When we think of bodybuilders, generally we picture huge hulking men, pounding iron in the gym, chugging down protein shake after protein shake, before heading home and eating their entire bodyweight in steak and chicken, before repeating the exact same process the very next day. In terms of bodybuilding, or even in terms of simply preserving muscle mass for that matter, it’s important that we consume enough protein on a daily basis, as protein provides the building blocks for muscle tissue. Protein as mentioned, plays an essential role in muscle maintenance and growth, yet getting enough of it on a daily basis can be tricky, even if you’re the biggest fan of meat and fish in the entire world. When we imagine high protein foods, examples that immediately spring to mind include: Chicken, turkey, steak, fish, salmon, and various other meats and seafood. Whilst meat, fish, and seafood are all fantastic sources of protein, they are by no means the only sources of protein out there. There’s a common misconception that’s been doing the rounds for many years now, that vegetarians are unable to build muscle, and even exercise efficiently, due to a lack of animal proteins in their diets. In reality however, there are many, many vegetarian-friendly sources of protein out there, so don’t think for one second that just because you’re vegetarian, you can’t become a bodybuilder. To prove this fact, here’s a look at a few simple yet effective vegetarian bodybuilding tips.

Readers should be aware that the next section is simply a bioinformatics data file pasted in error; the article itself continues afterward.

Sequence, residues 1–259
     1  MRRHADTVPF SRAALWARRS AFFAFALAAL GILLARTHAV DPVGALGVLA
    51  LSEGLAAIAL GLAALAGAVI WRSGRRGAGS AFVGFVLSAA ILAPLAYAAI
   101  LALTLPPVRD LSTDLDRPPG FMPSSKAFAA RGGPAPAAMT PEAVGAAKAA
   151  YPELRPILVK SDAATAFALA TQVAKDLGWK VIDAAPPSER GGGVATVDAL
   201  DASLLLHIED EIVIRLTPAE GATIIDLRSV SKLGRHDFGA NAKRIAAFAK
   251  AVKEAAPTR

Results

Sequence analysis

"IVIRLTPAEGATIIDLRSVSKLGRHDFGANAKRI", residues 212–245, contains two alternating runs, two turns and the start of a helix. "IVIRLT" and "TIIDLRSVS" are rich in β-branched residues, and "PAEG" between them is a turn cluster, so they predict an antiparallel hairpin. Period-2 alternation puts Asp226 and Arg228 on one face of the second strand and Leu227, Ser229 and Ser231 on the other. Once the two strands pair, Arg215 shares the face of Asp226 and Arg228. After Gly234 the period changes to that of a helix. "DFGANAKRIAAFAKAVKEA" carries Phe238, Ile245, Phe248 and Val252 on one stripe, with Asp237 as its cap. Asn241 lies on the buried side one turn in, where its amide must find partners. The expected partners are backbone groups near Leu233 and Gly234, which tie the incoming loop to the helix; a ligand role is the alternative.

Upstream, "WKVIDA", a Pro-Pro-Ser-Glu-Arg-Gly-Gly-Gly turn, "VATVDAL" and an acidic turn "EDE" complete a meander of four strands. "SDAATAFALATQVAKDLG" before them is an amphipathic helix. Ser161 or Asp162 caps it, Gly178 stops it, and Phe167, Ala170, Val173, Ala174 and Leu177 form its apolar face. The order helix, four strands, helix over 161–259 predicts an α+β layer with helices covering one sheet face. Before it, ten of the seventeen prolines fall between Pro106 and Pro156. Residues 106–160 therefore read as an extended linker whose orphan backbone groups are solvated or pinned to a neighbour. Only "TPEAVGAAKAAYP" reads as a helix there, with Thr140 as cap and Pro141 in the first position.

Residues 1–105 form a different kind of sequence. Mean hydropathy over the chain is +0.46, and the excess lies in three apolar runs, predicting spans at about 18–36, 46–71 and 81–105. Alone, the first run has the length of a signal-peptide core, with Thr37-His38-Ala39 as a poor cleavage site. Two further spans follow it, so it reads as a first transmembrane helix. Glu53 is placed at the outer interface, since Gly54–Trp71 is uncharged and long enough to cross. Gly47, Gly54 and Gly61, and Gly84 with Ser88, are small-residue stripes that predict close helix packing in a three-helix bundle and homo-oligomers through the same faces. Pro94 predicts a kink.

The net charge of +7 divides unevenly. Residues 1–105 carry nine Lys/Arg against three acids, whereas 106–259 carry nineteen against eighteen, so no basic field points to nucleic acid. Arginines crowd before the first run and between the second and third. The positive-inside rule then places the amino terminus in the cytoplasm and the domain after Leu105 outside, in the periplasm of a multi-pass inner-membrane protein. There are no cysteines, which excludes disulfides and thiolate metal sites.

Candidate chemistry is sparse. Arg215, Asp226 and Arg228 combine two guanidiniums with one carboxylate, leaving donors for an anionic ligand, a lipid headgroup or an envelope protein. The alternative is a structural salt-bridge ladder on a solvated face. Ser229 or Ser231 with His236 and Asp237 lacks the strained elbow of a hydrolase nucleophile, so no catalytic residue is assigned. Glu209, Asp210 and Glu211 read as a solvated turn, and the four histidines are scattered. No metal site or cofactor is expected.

Don’t rely on protein shakes
If you’re a vegetarian, there’s a chance that you will still consume dairy, as opposed to vegans, which is good news if this does apply to you as whey protein, the most popular protein supplement in the world, is derived from dairy. Despite this however, this does not mean that you should rely on protein shakes as your primary source of protein. Remember, these supplements are designed to be supplemented with whole foods, and no matter what, they will never be as beneficial as a whole food source, particularly if you wish to use them as a primary source of nutrition. Limit your protein shake consumption to no more than three shakes per day, making sure to get plenty of fresh, wholesome, and natural food in along the way.
Make sure you get enough calories
One of the very first things you’ll have to do if you’re serious about building muscle on a vegetarian diet, is to ensure that you’re consuming enough calories on a daily basis. If you’re trying to drop a little fat, you will still need to make sure you’re in a deficit, just make sure that it’s only a small deficit of around 15 – 300 calories, as anything lower will place your body into a catabolic state in which it enters starvation mode and eats away at muscle tissue as an emergency source of energy. If your daily calories are low, another risk is that any protein you do consume, will quickly be snatched up by the body and used for energy, rather than being used to feed to muscles and assist with growth and repair.
Make sure you get enough nutrients